|Fanfare Shavale at 2015 Inntoene Festival|
Inntoene Jazz Festival 2015
(Diersbach, Austria. Sunday 24th May. Day Three Review by Alison Bentley)
In the farmyard’s undercover area, with its benches, trestle tables and friendly atmosphere, Fanfare Shavale played rumbustious, brassy gypsy music (like a fireball, someone said). They come from a tiny Eastern Romanian village where every male can play at least one brass instrument.
There was plenty of time between sets to drink beer, socialise, and eat produce grown on the farm, cooked and served by local people. You could even buy exotic percussion instruments next to a comprehensive CD stall. In an ancient wooden building, up rickety stairs, was an exhibition of exquisite Miro-like prints and drawings by Elke Rott.
Back in the massive barn, Austrian guitarist Hannes Riepler was playing his own music with his mostly British band. In several pieces- Up, for instance, the melody went in one direction, but Oli Hayhurst’s rich-toned bass seemed to play notes from different chords altogether- filled in with tense, fast-moving phrases. The band restated them like stepping stones through the solos. US sax-player Chis Cheek, with his gutsy hard bop tone, played stormily in The Storm, Kit Downes’ piano crashing in response. Riepler’s angular solo made a fast response to the slalom-like chords, with a brooding groove (he admires Kurt Rosenwinkel and Wolfgang Muthspiel.) Now Do It was rockier, a convoluted theme thrillingly at odds with the almost flamenco chords. Downes’ solo careered back and forth from major to minor with such expressiveness- you felt he was completely open to whatever was happening. Tyrol Tyrol began with Jon Scott’s rustling cymbals before the tension built into a fast samba. You could almost hear the Tyrolean hairpin bends.
The (American)Walt Weiskopf- (German) Johannes Enders Quintet’s “Saxophone Colossus" set opened with a fiercely boppish composition written specially for the Festival- Inntoene. Next was Weiskopf’s Invisible Sun (Weiskopf:‘We hadn’t planned on that title being so appropriate!’) His tenor blended beautifully with Enders’, but you could hear their distinctive sounds as they soloed- Weiskopf smooth but with a bite; Enders more pugnacious and darker in tone. The two tenors chattered together brilliantly over the Latin end of Expressionist. In the swinging Crosstalk, Enders’ soprano seemed to cut out delicate Oriental shapes- there was a special moment when Weiskopf weaved a long note through them on tenor. Rowles’ Peacocks was a high point- one tenor played part of the melody then overlapped with the other tenor’s harmony lines- a sumptuous arrangement. The audience loved this- it felt a vulnerable moment in the midst of the set’s gritty swing, kept in line by Thomas Stabenow on bass and Christian Salfellner on drums. In Stone, Oliver Kent’s piano pushed an Oscar Peterson sense of swing into some more dissonant harmonies, and Weiskopf played with scratchy speed, earthing his solo with bluesy phrases.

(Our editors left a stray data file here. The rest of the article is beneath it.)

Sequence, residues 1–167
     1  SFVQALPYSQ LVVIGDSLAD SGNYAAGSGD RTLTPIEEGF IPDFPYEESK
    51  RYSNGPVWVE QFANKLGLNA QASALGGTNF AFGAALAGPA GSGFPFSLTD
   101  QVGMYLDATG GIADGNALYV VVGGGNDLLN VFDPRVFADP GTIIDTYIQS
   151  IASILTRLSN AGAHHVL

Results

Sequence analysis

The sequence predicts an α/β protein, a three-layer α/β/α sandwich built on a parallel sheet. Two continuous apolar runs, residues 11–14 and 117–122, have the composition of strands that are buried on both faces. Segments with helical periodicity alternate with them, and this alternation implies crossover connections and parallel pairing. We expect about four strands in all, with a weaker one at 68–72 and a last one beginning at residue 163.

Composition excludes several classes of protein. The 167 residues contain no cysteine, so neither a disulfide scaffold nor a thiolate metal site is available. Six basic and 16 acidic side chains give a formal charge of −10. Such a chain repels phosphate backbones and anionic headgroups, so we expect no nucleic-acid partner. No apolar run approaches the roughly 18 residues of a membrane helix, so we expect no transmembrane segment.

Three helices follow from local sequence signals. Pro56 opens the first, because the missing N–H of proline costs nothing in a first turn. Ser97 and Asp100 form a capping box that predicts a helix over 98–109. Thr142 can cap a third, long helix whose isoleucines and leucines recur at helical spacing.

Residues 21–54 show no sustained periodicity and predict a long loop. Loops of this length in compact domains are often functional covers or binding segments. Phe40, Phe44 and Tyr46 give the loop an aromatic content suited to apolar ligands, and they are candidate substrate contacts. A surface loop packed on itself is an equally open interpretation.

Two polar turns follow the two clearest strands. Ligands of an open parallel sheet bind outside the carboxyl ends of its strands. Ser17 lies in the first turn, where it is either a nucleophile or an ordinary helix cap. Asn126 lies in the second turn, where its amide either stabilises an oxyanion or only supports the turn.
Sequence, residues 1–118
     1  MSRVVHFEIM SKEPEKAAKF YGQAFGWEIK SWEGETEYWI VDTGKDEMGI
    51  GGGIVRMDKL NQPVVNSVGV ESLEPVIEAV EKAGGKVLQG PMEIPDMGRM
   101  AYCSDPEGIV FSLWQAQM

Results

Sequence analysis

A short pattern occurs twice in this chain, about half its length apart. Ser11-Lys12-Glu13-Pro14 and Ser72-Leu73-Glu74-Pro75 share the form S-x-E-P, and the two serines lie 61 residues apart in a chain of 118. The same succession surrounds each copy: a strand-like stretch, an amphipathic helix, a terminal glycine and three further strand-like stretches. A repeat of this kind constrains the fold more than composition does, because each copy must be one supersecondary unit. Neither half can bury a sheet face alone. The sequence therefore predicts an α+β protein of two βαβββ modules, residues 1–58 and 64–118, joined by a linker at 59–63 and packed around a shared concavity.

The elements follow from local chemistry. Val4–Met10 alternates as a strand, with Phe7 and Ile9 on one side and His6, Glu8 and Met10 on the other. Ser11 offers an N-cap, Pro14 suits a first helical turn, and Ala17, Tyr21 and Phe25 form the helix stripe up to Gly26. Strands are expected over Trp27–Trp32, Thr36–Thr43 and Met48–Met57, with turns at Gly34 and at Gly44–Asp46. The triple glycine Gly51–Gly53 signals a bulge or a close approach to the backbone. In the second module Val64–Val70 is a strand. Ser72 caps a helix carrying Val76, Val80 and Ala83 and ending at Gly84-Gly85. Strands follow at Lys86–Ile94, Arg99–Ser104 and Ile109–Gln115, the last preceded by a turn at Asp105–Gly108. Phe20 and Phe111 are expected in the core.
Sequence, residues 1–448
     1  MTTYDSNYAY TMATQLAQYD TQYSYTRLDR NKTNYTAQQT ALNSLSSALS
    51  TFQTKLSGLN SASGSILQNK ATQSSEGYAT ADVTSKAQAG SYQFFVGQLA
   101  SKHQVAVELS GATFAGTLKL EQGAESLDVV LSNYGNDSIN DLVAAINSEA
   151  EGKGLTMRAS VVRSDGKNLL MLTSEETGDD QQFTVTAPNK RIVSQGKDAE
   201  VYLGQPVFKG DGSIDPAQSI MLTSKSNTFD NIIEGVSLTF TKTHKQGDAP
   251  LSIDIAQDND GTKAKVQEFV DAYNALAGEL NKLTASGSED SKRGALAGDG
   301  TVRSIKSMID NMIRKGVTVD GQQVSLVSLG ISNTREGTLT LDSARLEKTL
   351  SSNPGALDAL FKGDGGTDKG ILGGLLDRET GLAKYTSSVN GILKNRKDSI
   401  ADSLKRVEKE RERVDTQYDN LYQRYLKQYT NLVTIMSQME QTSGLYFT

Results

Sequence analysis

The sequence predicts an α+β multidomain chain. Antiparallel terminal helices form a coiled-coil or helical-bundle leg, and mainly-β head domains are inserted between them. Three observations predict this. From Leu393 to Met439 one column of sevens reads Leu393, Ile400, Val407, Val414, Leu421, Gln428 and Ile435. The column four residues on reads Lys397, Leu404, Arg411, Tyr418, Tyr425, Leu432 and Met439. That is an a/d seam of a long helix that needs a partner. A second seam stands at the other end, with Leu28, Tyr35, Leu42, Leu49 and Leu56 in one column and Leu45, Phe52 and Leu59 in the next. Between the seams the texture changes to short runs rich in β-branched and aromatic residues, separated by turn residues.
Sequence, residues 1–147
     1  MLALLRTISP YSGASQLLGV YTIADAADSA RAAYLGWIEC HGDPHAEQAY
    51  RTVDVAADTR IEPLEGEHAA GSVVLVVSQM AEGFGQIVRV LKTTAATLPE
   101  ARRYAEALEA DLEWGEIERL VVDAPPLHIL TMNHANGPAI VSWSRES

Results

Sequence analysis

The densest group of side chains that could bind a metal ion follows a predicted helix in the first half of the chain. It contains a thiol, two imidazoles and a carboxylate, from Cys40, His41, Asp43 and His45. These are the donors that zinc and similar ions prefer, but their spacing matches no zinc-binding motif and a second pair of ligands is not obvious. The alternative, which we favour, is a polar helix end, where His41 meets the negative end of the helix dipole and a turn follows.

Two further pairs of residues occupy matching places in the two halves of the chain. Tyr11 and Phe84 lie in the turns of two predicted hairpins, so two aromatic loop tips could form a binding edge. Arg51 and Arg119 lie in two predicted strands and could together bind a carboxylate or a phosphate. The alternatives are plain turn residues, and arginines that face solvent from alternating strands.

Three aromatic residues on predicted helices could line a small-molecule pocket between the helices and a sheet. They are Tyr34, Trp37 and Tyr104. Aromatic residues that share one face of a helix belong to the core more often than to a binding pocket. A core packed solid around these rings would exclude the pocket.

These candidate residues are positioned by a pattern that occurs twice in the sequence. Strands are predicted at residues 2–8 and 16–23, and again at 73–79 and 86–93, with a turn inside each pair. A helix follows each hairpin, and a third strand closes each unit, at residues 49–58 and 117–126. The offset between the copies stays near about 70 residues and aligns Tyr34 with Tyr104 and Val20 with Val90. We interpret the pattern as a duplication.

US pianist Kenny Werner and Danish saxophonist Benjamin Koppel had met when Koppel invited the former to play at Copenhagen Jazz Festival. ‘He was so happy to know someone liked his CD, he gave me some gigs,’ joked Werner. Koppel’s Enigma began freely, with flurries of notes. Koppel at times had the plaintive sound of Gabarek; at others, the soulfulness of Sanborn. Walden, the title track of their pastoral duo album, had impressionistic piano with shades of Poulenc, Ravel and Debussy- then some bluesy Monk. Their response to each other was miraculously intuitive. Werner’s Balloons was folkier, even incorporating part of the song Barbara Allen; but then it became darker and more Latin. If I Should Lose You was very free and playful; they seemed to be taking it in turns to chase each other. It became a ballad so simple and beautiful that the audience seemed to be holding its breath; applause was saved till the end so as not to break the spell. Then the music increased to such a pitch of intensity that the entire audience was on its feet.
It seemed as if the stage was Chicago singer Dee Alexander’s natural milieu- she was so relaxed, she could have been singing to 800 people in her living room. Softly, as in a Morning Sunrise was taken from her new CD Songs My Mother Loved, on Paul Zauner’s PAO label. Her voice was gospel-edged and full-toned, like early Dianne Reeves, or a gentle Dee Dee Bridgewater. She hit a note right in the centre like a muted trumpet and held it while Stéphane Belmondo’s actual trumpet improvised round it, supported by Kirk Lightsey’s excellent boppy piano. A daringly reharmonised Perdido had Alexander scatting humorously, like Sarah Vaughan. In her own Butterfly, she improvised playfully, like a butterfly talking to itself, over an intricate bass pulse fromWolfram Derschmidt, and Dusan Novakov’s driving drums..In herLonesome Lover, Alexander’s majestic tone became a Bessie Smith growl, while in Love Me or Leave Me, she embellished the tune with an instrumentalist’s freedom. ‘This music does as much for me as it does for you!’she said.
There was more music to come- then an anxious thought intruded: would the car be buried in the glutinous mud? But like everything else, the parking had been immaculately organised. How could anything in this Festival be stuck-in-the-mud?
Day One Round-Up
Day Two Round-Up